From April 6-23, the renowned performance artist John Kelly will perform TIME NO LINE, which focusses on how we are able to identify collective histories through the experience of one individual.  Mr. Kelly will be in residence at La MaMa for this 55th Season, culminating in this world premiere production.


LA MAMA MOVES!, the company’s 12th annual celebrated festival of dance, is one of the highlights of the spring season 2017 and a spectacular part of the Spring Block Party.

La MaMa will celebrate its 55th year in New York City’s East Village with a Spring Block Party on East 4th between the Bowery and 2nd Ave. in front of the buildings that house the company’s four theaters:

Ellen Stewart Theatre at 66 E. 4 St.

The Downstairs at 66 E. 4 St.

First Floor Theatre and The Club, both at 74 E. 4 St.

In addition to the 70+ productions during the 55th season:

La MaMa’s wildly popular family series LA MAMA KIDS returns this season with a line-up of productions and workshops from artists including Loco 7’s Dance Puppet Theatre,Federico Restrepo, Heather Henson/Ibex Theater, Jane Catherine Shaw, Perry Yung and Lois Weaver

La MaMa’s COFFEEHOUSE CHRONICLES, the Saturday afternoon educational performance series exploring the history and development of Off-Off Broadway, continues this season with topics including:  Theodora Skipitares (Oct 8), Target Margin Theater/ David Herskovits (Nov 17), The 40th Anniversary of Performing Arts Journal/ Bonnie Marranca (Dec 17) and Wilford Leach (Feb 25)

CultureHub, the La MaMa and Seoul Institute of the Arts intersection of art and technology return with their ARTCADE and COLAB series as well as a new multimedia/installation adaptation of works by Robert Patrick.

La MaMa’s ongoing Expirements Play Reading Series, Poetry Electric and Annual Beat Box Festival also return for the 55th Season.

For information about the La MaMa season, visit or call the box office at 646 430 5374.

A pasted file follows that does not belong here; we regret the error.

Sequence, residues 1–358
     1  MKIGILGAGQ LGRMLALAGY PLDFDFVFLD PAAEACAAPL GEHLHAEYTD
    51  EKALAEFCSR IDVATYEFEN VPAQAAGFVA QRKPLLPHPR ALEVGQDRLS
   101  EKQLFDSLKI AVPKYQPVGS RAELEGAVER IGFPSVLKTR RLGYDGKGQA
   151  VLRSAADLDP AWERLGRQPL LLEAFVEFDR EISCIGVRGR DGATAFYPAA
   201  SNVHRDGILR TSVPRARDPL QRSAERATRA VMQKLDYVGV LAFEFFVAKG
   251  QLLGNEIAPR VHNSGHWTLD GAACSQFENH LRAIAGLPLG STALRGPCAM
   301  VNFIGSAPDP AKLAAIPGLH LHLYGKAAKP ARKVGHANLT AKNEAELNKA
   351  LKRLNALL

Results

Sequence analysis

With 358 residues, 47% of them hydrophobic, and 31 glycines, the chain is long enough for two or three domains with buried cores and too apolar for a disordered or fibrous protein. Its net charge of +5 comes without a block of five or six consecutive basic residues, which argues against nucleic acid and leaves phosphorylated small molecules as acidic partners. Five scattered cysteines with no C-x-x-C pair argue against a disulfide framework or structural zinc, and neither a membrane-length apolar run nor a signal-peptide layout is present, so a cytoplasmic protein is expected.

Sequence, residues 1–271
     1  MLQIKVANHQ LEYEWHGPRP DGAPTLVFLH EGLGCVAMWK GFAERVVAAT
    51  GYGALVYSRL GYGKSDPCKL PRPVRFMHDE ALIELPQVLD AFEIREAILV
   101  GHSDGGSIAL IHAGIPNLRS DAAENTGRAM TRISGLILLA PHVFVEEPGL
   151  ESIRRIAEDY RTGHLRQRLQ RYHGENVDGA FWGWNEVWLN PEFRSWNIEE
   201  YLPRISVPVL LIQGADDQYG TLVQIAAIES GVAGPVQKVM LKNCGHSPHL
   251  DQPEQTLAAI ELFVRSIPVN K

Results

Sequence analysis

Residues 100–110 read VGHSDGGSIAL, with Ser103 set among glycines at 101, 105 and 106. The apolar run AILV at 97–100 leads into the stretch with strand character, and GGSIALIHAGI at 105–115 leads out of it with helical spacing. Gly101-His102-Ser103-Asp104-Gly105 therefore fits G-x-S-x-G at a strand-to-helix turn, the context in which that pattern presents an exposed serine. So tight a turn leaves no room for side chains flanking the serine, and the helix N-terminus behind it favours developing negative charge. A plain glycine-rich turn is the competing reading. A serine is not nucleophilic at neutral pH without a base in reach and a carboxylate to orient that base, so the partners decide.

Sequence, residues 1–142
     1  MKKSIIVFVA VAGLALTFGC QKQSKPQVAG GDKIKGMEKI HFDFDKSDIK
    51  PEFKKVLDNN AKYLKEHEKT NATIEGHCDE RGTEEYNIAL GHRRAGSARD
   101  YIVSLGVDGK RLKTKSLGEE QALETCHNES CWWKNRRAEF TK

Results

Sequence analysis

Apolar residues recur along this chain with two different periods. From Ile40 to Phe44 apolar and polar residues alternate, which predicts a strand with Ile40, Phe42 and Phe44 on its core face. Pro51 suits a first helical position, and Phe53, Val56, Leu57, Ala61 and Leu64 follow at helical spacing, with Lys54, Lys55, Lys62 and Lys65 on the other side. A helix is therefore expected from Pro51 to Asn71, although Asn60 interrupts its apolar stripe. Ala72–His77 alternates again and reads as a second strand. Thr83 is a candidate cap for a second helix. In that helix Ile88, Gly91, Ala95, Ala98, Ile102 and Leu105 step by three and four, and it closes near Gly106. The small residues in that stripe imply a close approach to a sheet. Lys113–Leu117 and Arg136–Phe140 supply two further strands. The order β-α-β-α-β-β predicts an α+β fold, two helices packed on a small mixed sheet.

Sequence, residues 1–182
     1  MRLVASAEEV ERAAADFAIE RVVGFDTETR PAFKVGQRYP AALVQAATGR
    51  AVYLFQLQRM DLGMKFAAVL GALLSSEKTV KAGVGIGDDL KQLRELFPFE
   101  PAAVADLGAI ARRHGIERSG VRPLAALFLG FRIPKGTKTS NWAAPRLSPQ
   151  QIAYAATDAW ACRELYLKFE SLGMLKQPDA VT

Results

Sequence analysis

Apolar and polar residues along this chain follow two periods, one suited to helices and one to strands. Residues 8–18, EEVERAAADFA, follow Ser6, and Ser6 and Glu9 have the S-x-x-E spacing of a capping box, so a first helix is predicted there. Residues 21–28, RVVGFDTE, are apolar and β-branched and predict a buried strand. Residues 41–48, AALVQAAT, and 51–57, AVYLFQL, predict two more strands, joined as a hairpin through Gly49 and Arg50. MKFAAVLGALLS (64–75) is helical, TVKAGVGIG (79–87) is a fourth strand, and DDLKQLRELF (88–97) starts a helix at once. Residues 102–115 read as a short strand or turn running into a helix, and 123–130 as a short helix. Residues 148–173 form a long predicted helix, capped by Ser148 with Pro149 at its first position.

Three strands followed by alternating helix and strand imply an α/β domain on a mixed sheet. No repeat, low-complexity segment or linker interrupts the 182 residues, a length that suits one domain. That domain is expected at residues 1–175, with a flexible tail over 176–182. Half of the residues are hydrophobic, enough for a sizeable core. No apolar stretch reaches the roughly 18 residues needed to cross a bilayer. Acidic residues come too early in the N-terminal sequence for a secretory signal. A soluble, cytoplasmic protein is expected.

About La MaMa. La MaMa is dedicated to the artist and all aspects of the theatre. The organization has a worldwide reputation for producing daring performance works that defy form and transcend barriers of ethnic and cultural identity. Founded in 1961 by award-winning theatre pioneer Ellen Stewart, La MaMa has presented more than 5,000 productions by 150,000 artists from more than 70 nations. A recipient of more than 30 Obie Awards and dozens of Drama Desk, Bessie, and Villager Awards, La MaMa has helped launch the careers of countless artists, many of whom have made important contributions to American and international arts milieus.

La MaMa’s 55th season celebrates the creative and collective histories of La MaMa’s local and global communities  Since its beginning, La MaMa has forged creative partnerships with artists based in different parts of the U.S., Europe, Asia, Africa and South America.  In recent years, these long-term relationships have taken on new life through distance collaborations over the Internet.  The 55th season embraces new pathways forged in performance and technology to connect the myriad experiences, politics, conflicts, aesthetics, intimacies and dreams of people and communities participating in an increasingly globalized world.  



(Ben Brantley’s article appeared in The New York Times, 8/5.)

LONDON — Importing Jesse Eisenberg’s “The Spoils” to this city was not exactly a no-brainer. Written by and starring Mr. Eisenberg, this lacerating comedy of humiliation — about a whiny, rich, hyper-articulate and terminally narcissistic young New Yorker who impulsively sabotages his own life and that of his Nepalese roommate — appeared destined to be lost in translation.